What, exactly, does How to Train Your Dragon 2 want its audience to learn from its central conflict?
Warning: herein be spoilers for How to Train Your Dragon and How to Train Your Dragon 2.
Use your words, not your fists.
Work hard and you can achieve anything.
Family is important.
Listen to your parents.
Be nice to other people.
True friendship can overcome any obstacle.
Always be ready for an adventure.
The abstract concept of home.
I don’t blame children’s movies for driving home big, simplistic themes like the ones I’ve outlined above. Yes, even the abstract concept of home. What do you think Homeward Bound was about, talking pets?
So, when I went into How to Train Your Dragon 2, I was expecting more of the same that we got from the first movie. Namely, the idea that dragons are misunderstood creatures that just need some love to overcome their beast-like natures. It’s a little unorthodox, but it’s a worthwhile idea for kids to learn.
I was surprised instead to see that the movie took a radically different track than what I expected, in ways that deliberately subverted common tropes in kids’ movies.
The spark of the movie (the first action that sets off all the other actions) is Hiccup’s decision to try to reason with Drago, a madman intent on commanding all the dragons in the world. This goes against the advice both of his parents provide, which is essentially that some people can’t be reasoned with. But Hiccup is confident that his skills of persuasion can work on anyone (after all, they worked on his bull-headed dad). So he sets off to get into it with Drago.
During the film’s climax (the central turning point for action), Hiccup gets exactly what he wanted: a chance to reason with Drago. His persuasive speech is great, of course; he’s a naturally born orator and has the benefit of Hollywood screenwriters behind him, Looks like this film is trying to drive home the same theme as its predecessor: fight with your words, not your fists or your dragons (unless it’s absolutely necessary).
This is precisely when everything goes off the rails.
Drago counters Hiccup with his own twisted logic about why he wants to control all the dragons. He then manipulates Hiccup’s dragon Toothless into killing Hiccup’s father and flies off with everyone’s dragons under his command.
Dark stuff, right? Stuff that doesn’t feel like it belongs in a children’s movie.
Indeed, this has more than a few commonalities with The Dark Knight: Hiccup is reminded over and over that Drago is a man who can’t be reasoned with, and that arguing with him won’t solve anything. His parents both advise him that fighting and defensive maneuvers (in other words, action) is the only way to deal with this new scourge. And Hiccup learns the hard way that this is all too true.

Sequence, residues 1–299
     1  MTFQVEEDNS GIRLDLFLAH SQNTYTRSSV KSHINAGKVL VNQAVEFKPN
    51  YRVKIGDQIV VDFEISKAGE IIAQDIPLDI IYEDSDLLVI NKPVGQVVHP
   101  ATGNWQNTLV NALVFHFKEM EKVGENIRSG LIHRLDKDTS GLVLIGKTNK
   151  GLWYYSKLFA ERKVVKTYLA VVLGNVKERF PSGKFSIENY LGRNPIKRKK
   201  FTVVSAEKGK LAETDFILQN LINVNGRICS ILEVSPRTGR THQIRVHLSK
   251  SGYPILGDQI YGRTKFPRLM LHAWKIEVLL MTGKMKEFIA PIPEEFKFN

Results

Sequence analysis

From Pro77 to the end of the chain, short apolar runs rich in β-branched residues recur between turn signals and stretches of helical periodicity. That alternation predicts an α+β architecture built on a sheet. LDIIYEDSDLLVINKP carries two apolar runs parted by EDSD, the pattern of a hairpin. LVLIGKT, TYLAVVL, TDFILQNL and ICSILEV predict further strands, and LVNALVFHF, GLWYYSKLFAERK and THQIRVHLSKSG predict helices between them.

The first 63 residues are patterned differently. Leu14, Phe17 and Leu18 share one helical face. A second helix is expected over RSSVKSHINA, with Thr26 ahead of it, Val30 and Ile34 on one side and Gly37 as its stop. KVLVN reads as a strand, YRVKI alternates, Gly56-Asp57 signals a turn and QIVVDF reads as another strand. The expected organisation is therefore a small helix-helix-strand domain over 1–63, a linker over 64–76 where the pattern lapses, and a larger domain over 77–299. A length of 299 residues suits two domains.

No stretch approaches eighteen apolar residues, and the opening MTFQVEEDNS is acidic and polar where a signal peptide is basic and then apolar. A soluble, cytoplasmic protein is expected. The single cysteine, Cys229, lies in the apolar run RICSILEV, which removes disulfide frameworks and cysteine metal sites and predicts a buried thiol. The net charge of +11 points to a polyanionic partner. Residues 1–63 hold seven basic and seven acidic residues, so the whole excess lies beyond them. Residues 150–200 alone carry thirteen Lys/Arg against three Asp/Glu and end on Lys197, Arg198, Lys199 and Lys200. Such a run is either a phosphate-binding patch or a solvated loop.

In interviews, Dean Deblois (the writer and director of the trilogy) explained that he tried to conceive of this movie as his trilogies’ The Empire Strikes Back. It expands the universe, challenges the status quo, brings in new characters to deal with, and most importantly, complicates what had been a very straightforward hero’s narrative.
All of a sudden, the world Hiccup (and, by extension, the kids in the audience) occupies is no longer black and white. Strange, because it’s still somewhat black and white (some people are good, some people are bad), but redemption is no longer a valid endgame.
Why would a children’s movie make that claim? I have a theory:
The movie, like the best children’s films, isn’t interested in condescending to its audience. The first movie’s audience is four years older, and they’re rapidly learning how big and complex the world is. Introducing the idea of incorruptible evil into their minds is a facet of everyday life that they’ll learn eventually, so why not in the safe space of a movie theater, where their parents can discuss it with them at length after?
But more than that, by forcing the movie’s protagonist to resort to force to repel the primary antagonist, the film also reunites with the first movie’s theme: fight with your words, not with your fists or dragons, unless absolutely necessary. In the first movie, the caveat was enacting because there was a giant dragon that posed a real, irresistible threat toward every human in Berk. It couldn’t be reasoned with because it was a giant beast bent on destruction.
In the second movie, the caveat is enacted because our heroes encounter a human being who is the equivalent of that dragon. Drago isn’t interested in anything other than power for its own sake. He enslaves instead of liberating, commands instead of asking, and whips when he could be earning respect. His twisted logic allows him to be that dragon in human form: something with which there is no arguing, something which must simply be defeated by any means necessary.
We don’t encounter that kind of evil in the world much, but it does exist, and kids will have to discover it at some point. How To Train Your Dragon 2, by incorporating this theory into its storyline, manages to both subvert and reaffirm the themes established in its predecessor.
And really, isn’t that the job of any good sequel?